Images produced by Milligan and others over the next decade revealed only a fuzzy ring, and “very few of them gave these hints of eightfold symmetry.” It was not until 1992 that Milligan finally resolved the basic shape and structure of this mysterious portal in the nuclear membrane. Milligan had just established a molecular microscopy lab at the Scripps Research Institute, and along with one of his lab’s first postdocs and a colleague at the University of California, San Diego, he came at the problem with state-of-the-art imaging analysis technology.

By extracting nuclear pores from the surrounding membranes of frog oocyte nuclei and applying early tomography techniques, the team ended up with a three-dimensional map of the nuclear pore and its constituent protein subunits. That first glimpse of symmetry from years earlier came into focus: the nuclear pore complex was not only made up of eight identical structures repeated around its  circumference, it was also symmetric across the plane of the membrane (Cell, 69:1133-41, 1992).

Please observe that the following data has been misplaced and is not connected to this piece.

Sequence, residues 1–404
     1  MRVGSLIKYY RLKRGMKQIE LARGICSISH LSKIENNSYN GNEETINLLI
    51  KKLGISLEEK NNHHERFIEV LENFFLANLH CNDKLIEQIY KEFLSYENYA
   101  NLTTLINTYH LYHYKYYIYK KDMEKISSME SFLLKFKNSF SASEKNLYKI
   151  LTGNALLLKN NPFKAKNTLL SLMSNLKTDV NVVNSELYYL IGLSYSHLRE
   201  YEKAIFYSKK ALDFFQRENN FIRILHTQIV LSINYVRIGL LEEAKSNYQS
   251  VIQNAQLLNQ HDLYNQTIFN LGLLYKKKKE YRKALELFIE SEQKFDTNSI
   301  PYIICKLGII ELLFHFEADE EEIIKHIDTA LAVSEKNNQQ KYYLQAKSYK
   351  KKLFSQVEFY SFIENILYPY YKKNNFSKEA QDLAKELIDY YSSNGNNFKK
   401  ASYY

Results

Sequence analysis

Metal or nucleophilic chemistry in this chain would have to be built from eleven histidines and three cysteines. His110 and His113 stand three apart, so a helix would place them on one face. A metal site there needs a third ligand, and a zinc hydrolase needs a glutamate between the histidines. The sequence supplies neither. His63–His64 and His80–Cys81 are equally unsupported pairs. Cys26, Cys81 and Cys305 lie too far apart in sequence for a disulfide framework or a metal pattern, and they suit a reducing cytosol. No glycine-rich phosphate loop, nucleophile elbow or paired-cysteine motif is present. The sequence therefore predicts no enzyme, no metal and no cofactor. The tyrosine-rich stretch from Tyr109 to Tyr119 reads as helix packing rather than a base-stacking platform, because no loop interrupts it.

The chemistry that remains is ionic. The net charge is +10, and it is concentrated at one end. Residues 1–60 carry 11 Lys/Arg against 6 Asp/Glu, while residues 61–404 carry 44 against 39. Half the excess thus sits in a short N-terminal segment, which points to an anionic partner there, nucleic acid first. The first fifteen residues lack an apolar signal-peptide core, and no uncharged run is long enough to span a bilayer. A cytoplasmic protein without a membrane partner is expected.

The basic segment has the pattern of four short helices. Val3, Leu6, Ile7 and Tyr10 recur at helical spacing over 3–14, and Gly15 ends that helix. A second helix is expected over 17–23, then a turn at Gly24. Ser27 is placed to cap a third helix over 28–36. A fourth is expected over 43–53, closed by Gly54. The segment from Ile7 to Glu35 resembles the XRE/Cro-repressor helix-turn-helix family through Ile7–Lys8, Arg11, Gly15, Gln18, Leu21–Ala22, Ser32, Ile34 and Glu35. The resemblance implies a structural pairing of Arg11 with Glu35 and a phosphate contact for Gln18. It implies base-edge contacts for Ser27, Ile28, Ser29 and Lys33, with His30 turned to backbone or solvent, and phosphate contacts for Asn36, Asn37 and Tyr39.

See “Nuclear Comings and Goings

A number of evolutionary concepts could explain the attractive design of this cellular machinery. Christopher Akey, a biophysicist at Boston University who coauthored another imaging study of the nuclear pore complex a year after Milligan and colleagues (J Cell Biol, 122:1-19, 1993), notes that iteration is the easiest way to build a structure as large as the nuclear pore, like building a wall brick by brick. “It’s more economical to make smaller proteins—even if you have to make a lot of them—that self-assemble,” Akey explains, because the odds of an error in any one protein are lower.

Despite the structure’s apparent symmetry, Milligan knew there was more to the story. “We suspected that in the cell, because there was directed transport in either direction, [the nuclear pore] couldn’t possibly be totally symmetric,” he says. He and his colleagues hypothesized “elaborations added to the basic architecture that confer sidedness and enable directed transportation.” The idea was borne out by later research from other labs showing smaller structures on either side of the pore, completing Milligan’s picture of this unique structure.